by Steve Haner
In a polite but clear “the emperor has no clothes” message, a member of the State Corporation Commission has questioned the need to impose a carbon tax to cut carbon emissions from electric generation by 30%, when the General Assembly has passed another law requiring a 100% reduction with no tax.
Judge Judith Jagdmann concurred with, but added her own comments to, an SCC opinion issued Wednesday that authorized another additional charge on Dominion Energy Virginia bills to cover the carbon credits demanded by the Regional Greenhouse Gas Initiative (RGGI). A party-line vote in 2020 brought Virginia into that compact, and electricity generators have been buying carbon credits already for their coal and natural gas usage.
Effective September 1, Dominion will add a charge of $2.39 per month for every 1,000 kWh of electricity used by every customer in its territory. Most customers use more than 1,000 kWh per month, so for many homeowners it will add $30 or more annually. The usage tax is the same for all customer classes. For commercial and industrial customers with lower base rates usually, this is a major cost increase.
Membership in the RGGI interstate compact was ordered by the 2020 Virginia Clean Economy Act (VCEA) which also imposed annual targets for fossil fuel use reduction far more aggressive than RGGI has. The word Jagdmann uses in her comments to describe having both is “duplications.” She writes:
The VCEA plainly states that the RPS program requirements for Dominion shall be 100% by 2045. Thus, it remains unclear whether the significant cost required for participation in an additional cap-and-trade program — which is expected to cost customers billions of dollars — are necessary for Dominion’s and Appalachian’s ratepayers to bear in order to achieve the General Assembly’s carbon reduction objectives.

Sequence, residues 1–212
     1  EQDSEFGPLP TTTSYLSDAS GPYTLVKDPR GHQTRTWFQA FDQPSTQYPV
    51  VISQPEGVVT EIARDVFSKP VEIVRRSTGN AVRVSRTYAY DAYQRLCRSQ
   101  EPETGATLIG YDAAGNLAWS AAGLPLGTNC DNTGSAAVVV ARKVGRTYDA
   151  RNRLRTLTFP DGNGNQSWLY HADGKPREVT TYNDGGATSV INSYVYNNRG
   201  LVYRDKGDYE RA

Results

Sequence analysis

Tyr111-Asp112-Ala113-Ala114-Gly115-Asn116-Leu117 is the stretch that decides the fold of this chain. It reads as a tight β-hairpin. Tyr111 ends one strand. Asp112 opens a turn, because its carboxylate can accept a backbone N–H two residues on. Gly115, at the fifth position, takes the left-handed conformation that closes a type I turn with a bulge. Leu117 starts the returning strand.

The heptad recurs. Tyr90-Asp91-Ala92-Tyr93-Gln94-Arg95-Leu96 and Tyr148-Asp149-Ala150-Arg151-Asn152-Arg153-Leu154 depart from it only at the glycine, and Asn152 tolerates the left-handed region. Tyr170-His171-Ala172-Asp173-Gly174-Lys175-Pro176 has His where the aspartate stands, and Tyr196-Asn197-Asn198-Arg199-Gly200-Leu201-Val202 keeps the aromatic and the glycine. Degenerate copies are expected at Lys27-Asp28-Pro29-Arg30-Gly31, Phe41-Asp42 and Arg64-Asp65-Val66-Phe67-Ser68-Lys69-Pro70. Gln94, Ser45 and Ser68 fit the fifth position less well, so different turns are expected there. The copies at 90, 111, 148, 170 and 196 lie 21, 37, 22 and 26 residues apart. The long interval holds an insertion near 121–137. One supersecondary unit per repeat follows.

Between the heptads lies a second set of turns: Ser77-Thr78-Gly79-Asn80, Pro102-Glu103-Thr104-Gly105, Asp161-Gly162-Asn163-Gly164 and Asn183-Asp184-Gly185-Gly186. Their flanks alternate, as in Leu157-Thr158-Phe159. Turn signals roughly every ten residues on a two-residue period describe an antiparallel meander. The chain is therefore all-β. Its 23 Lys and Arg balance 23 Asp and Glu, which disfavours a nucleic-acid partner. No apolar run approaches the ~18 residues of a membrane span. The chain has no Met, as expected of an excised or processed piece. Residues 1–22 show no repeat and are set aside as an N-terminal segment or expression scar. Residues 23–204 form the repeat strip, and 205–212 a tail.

Since RGGI is not about reducing future carbon emissions from electric power plants, what is it about? Money. Raising money for various pet legislative goals. Jagdmann notes that the case record indicates about $3 billion will be charged to Virginians for RGGI carbon credits by 2045. This new charge on Dominion bills will raise about $168 million per year, but Dominion is not the only (just the largest) purchaser of RGGI credits used in Virginia plants.
Appalachian Power Company customers will eventually see some carbon tax costs work their way into their costs, and various merchant generators also need to buy carbon credits to make electricity with coal or natural gas. One way or another, these costs flow to the ultimate consumers.
Future projections of RGGI carbon credit costs are just that, projections. The full opinion includes the following:
Record evidence, including actual CO2 allowance prices in 2021, indicates the $6.84 allowance price used to calculate the proposed Rider RGGI revenue requirement could be too low. However, CO2 allowance prices fluctuate and any price differentials (higher or lower) can be trued-up in future Rider RGGI proceedings.
The June 2021 RGGI auction price was just under $8 a ton, for example, not $6.84. In two auctions Virginia firms have paid $89 million for CO2 allowances, with four auctions per year. The state keeps the money.
Once this revenue stream is created, and all the various state governments bake it into their annual budget, what incentive will they have to let the annual collections drop? A story posted on Bacon’s Rebellion earlier Wednesday linked to an article describing what Virginia will be doing with most of its RGGI cash.
“While there tends to be much discussion of the revenues RGGI “generates” for various programs, RGGI does not create this money,” former Attorney General Jagdmann notes in her commentary.
She goes on in her comments to list all of the ways compliance with the Virginia Clean Economy Act will be adding cost to consumer bills on top of this RGGI tax, including a $45 per megawatt penalty if the utility falls short of the aggressive timetable. Can that also be passed on to customers?
Just last week, the SCC approved another electric bill charge growing out of that 2020 legislation, reported only on Bacon’s Rebellion so far: The new Percentage of Income Payment Program. This will eventually grow larger on both Dominion and Appalachian Power bills.
In sharing news of today’s opinion, SCC spokesman Ken Schrad noted these are just two of the various rate elements collected by individual charges (“riders”) being considered or adjusted this calendar year. Dominion’s fuel factor went up a bit in July, and its T1 Rider for transmission costs is expected to go down.
“The cumulative effect of 13 different rider adjustments (up and down) through December 1 of this year is expected to result in a $4.84 adjustment to the typical monthly residential bill on and after December 1,” Schrad wrote in an email to Bacon’s Rebellion. Rider RGGI accounts for about half of that overall increase.
The most expensive element of VCEA compliance, the largest offshore wind project planned anywhere in this hemisphere, is just starting its run for SCC approval.